Distal triceps knotless anatomic footprint repair is superior to transosseous cruciate repair: a biomechanical comparison

Arthroscopy. 2014 Oct;30(10):1254-60. doi: 10.1016/j.arthro.2014.07.005.

Abstract

Purpose: The purpose of this study was to evaluate the biomechanical properties of a method of repair using bone tunnels with multiple high-strength nonabsorbable sutures and one knotless suture anchor compared with the standard transosseous technique for repair of the distal triceps.

Methods: The triceps tendon footprint was measured in 18 cadaveric elbows (9 matched pairs), and a distal tendon rupture was created. Eighteen elbows (9 matched pairs) were randomly assigned to one of 2 repair groups: transosseous cruciate repair group or knotless anatomic footprint repair group. Cyclic loading was performed for a total of 1,500 cycles and displacement was measured. Data for load at yield and peak load were obtained.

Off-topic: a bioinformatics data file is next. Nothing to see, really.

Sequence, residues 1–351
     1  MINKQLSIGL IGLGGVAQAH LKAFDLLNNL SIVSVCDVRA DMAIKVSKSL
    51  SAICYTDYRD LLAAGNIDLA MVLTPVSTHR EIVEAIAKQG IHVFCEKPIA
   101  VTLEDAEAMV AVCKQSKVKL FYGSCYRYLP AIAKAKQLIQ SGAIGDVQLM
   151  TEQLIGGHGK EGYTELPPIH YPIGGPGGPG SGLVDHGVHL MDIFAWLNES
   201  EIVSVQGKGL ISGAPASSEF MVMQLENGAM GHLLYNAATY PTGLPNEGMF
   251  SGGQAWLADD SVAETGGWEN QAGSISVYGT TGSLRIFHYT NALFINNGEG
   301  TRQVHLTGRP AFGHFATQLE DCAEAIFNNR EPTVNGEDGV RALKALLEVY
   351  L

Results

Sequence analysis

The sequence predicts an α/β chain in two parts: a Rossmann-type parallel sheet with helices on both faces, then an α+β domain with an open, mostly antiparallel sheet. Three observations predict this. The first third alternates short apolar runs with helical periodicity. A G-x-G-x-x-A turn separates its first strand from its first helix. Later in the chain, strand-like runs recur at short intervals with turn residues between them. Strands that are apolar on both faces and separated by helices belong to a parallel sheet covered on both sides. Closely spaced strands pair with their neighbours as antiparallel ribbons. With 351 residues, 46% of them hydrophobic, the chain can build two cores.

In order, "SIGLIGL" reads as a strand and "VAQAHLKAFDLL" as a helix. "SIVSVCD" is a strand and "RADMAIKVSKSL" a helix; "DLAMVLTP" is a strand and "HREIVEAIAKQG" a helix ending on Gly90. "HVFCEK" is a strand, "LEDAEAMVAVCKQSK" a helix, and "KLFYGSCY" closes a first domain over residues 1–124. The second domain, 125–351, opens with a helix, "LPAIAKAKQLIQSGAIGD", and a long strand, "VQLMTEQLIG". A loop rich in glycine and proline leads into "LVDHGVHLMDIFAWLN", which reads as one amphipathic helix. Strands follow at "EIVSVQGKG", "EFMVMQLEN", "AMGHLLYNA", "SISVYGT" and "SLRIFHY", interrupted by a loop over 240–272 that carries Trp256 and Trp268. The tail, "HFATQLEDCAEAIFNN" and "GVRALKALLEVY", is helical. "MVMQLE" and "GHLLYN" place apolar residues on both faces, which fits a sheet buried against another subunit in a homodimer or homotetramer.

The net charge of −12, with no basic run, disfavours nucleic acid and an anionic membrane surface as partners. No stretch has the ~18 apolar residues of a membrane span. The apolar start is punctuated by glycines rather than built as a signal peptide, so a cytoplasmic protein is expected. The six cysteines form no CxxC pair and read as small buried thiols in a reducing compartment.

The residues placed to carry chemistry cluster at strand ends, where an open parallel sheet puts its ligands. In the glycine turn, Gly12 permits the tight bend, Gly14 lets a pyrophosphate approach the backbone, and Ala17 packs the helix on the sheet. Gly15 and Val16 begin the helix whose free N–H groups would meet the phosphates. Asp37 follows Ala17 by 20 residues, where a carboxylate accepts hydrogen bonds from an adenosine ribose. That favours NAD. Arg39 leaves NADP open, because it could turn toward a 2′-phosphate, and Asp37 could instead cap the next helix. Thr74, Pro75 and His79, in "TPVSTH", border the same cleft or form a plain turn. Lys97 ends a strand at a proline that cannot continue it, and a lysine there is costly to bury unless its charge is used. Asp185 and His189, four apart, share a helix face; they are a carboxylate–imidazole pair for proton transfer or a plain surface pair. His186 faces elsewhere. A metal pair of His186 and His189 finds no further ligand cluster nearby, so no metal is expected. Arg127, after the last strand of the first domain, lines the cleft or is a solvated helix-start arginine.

Results: The average bony footprint of the triceps tendon was 466 mm(2). Cyclic loading of tendons from the 2 repair types showed that the knotless anatomic footprint repair produced less displacement when compared with the transosseous cruciate repair (P < .05). Load at yield and peak load were also greater in the knotless anatomic footprint repair group (P < .05).

Conclusions: Distal triceps knotless anatomic footprint repair in a cadaveric model had a significantly higher load and cycle to failure when compared with the traditional transosseous cruciate repair and produced less repair site motion.

Clinical relevance: The increased biomechanical strength and resistance to displacement at the tendon-bone interface may lead to improved clinical outcomes with the knotless anatomic footprint repair technique and warrants further clinical study.

Publication types

  • Comparative Study
  • Research Support, Non-U.S. Gov't

MeSH terms

  • Arm Injuries / physiopathology
  • Arm Injuries / surgery*
  • Biomechanical Phenomena
  • Cadaver
  • Elbow / injuries
  • Humans
  • Suture Anchors
  • Suture Techniques
  • Tendon Injuries / physiopathology
  • Tendon Injuries / surgery*